“Our federal funding has been cut by almost 50 percent.”

The volunteer coordinator for the local food bank went on. “That means the meat, fresh fruit, and vegetables we receive have been drastically reduced. At the same time, we’re seeing greater numbers of families seeking help from local food pantries than ever before.”

An idea formed. My church had a huge piece of land lying dormant.

Why couldn’t we grow vegetables and donate them?

I mentioned my thought to the coordinator. He seemed very excited about the proposition.

I’m not a gardener.  Over the years I’ve put the occasional tomato plant in the ground with mixed results. I have a black thumb when it comes to house plants. But despite my lack of expertise, the idea took hold in my heart - I knew it was from God.

At the time, I was Director of CommunityConnections, the outreach ministry at my church. I brought up the idea at our monthly meeting. The team liked the concept, but no one jumped in to take the reins. It went on the back burner.

The following spring, I presented the proposal to church staff.  They gave me a laundry list of things to investigate.  Another year passed.

I went back with additional facts, but the staff still wasn’t convinced.

Fast-forward to late fall.  A man drove into the parking lot and approached two of our pastors with an unexpected question.

“I’ve noticed your large plot of ground…have you ever considered planting a donation garden?  I’d be happy to help. I started a successful garden at my church just up the road last year.”

One of those pastors served as liaison between CommunityConnections and the staff.  He sent an email about the encounter and closed with, “So what do you think?”

Ummm…God just dropped someone into our laps who has funds and knowledge to bring this dream into reality.

“I’d say God’s speaking - let’s move forward!”

So we checked property lines and zoning laws, informed the neighbors as a courtesy, created a budget and spoke with congregants to insure we’d have volunteers.

By mid-May, with approvals in place, the grounds were prepped, the fence erected, and seeds and plants were in the ground.  

The garden had raised beds for tomatoes and peppers, rows for beans, grow heaps for cucumbers, zucchini, yellow squash, and cucuzza (ku-koo-za). Ornamentals planted around the periphery beautified the area and kept out certain pests.  A composting section was created to relieve the need for mulch in future years.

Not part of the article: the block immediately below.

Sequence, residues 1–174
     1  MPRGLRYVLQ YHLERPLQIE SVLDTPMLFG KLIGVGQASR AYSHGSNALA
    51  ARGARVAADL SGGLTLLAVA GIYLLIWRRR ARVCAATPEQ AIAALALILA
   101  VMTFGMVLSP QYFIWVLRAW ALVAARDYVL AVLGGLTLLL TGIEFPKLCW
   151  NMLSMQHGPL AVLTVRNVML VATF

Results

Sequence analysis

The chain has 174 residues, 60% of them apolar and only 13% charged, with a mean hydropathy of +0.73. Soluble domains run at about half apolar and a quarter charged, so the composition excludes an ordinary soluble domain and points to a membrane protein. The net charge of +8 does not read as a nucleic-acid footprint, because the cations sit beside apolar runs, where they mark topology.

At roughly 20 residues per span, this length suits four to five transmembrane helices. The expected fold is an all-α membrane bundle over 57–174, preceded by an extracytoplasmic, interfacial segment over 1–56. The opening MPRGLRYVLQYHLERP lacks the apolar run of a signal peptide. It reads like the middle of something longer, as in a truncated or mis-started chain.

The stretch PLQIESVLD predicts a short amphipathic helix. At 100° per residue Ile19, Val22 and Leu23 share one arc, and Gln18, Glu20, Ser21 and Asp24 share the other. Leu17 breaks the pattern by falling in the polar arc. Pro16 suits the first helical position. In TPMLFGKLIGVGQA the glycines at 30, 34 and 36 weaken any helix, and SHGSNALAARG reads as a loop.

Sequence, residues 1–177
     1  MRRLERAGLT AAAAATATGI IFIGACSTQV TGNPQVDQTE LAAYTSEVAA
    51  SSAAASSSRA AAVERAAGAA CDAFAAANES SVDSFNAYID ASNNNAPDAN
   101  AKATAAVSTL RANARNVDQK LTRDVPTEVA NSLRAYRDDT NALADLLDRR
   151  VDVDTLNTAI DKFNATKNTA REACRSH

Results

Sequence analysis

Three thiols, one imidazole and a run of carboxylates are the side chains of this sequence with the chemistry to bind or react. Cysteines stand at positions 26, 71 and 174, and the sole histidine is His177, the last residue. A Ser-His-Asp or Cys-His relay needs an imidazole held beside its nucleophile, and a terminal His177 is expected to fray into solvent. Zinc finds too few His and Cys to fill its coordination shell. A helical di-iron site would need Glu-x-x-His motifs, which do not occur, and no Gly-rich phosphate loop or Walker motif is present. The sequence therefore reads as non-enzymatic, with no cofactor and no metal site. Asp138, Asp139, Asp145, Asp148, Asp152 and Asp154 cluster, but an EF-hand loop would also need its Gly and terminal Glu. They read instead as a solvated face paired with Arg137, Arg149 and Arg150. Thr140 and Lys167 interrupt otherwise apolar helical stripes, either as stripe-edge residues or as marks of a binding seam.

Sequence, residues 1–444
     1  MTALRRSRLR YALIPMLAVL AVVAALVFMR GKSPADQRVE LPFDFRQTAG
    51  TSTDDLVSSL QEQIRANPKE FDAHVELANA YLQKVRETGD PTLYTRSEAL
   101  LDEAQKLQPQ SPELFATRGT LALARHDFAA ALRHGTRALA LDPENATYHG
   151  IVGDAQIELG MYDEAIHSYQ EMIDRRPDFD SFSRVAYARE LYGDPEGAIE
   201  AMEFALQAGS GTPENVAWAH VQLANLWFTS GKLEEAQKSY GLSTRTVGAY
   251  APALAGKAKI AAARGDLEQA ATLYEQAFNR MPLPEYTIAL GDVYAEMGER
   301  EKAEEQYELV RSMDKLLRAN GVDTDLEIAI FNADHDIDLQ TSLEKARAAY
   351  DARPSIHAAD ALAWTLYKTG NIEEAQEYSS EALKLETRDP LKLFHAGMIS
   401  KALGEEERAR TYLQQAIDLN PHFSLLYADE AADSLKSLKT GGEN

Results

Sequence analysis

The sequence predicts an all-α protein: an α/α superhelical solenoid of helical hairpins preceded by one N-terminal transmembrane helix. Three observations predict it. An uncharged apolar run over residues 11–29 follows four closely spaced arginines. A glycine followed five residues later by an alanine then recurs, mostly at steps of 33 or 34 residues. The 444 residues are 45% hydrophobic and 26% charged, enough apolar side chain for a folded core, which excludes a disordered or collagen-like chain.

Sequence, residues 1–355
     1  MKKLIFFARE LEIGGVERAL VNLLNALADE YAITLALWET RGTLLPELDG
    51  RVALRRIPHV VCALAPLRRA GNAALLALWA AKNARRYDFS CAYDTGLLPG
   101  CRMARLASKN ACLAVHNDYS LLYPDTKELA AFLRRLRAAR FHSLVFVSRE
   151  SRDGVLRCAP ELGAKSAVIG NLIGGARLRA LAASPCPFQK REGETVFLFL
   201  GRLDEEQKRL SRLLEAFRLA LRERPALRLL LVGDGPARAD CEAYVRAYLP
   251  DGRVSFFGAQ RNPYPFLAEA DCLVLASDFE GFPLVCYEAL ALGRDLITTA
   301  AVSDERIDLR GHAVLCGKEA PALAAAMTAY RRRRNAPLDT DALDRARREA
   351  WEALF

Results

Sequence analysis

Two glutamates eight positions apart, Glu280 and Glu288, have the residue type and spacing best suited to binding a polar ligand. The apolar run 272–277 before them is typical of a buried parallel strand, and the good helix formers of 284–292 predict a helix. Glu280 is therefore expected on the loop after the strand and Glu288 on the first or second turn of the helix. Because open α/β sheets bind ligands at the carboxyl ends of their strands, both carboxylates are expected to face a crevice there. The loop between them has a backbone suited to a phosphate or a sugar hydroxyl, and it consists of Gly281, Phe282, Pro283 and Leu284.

I’m not a gardener, but the satisfaction of seeing those first sprouts breaking through the ground and growing into healthy, robust, rows of green beans was exhilarating!

Everything we brought to the food bank was weighed on their scale. We calculated its value based on current supermarket prices, giving us a basis on which to calculate setup costs vs. the value of the donation.

That first year, we harvested about 300 pounds of vegetables.

Last September, God allowed my passion to become my profession when he placed me in full-time benevolence ministry at a new church.   

A garden was approved in time for spring planting, and the harvest will go to the food pantry right under our roof.

A young man ordained while interning at my new church home has been hired to preach elsewhere. As we discussed the next part of his journey, he told me he was so excited by our donation garden he wanted to bring the idea to his new church.

And so it grows.

James 2:14-17 says: “What good is it, my brothers and sisters, if someone claims to have faith but has no deeds?  Can such faith save him?  Suppose a brother or a sister is without clothes and daily food.  If one of you says to them, ‘Go in peace; keep warm and well fed,’ but does nothing about their physical needs, what good is it?  In the same way, faith by itself, if it is not accompanied by action, is dead.” (NIV)   

 And in 1 John 3:18 we read, “Dear children, let us not love with word or speech but with actions and in truth.” (NIV)

I’m not a gardener.

You may not be a gardener either.

But we don’t have to be. Jesus says in John 15:1 “My Father is the gardener.

We only have to be willing soil to receive His seeds of love. <<Click to Tweet

For more information on donation gardens, contact Toni at lakesidelessons61@gmail.com.


Toni loves God, her kids, caring for others, baking, chocolate!, and walking along the shores of her beloved lake – the setting for her blog. Toni has written devotions for christiandevotions.us and The Quiet Hour. She is praising God for the opportunity to make her passion - showing God’s love through practical acts of service - her new, full-time profession. As the Benevolence Ministry Manager for her church, she is able to hand car keys to a single mom, open the doors to the food pantry serving many area families, and assist those with urgent financial needs. Her life and ministry are living proof of the truth found in Ephesians 3:20 as God continues to do abundantly more than she could ever imagine.

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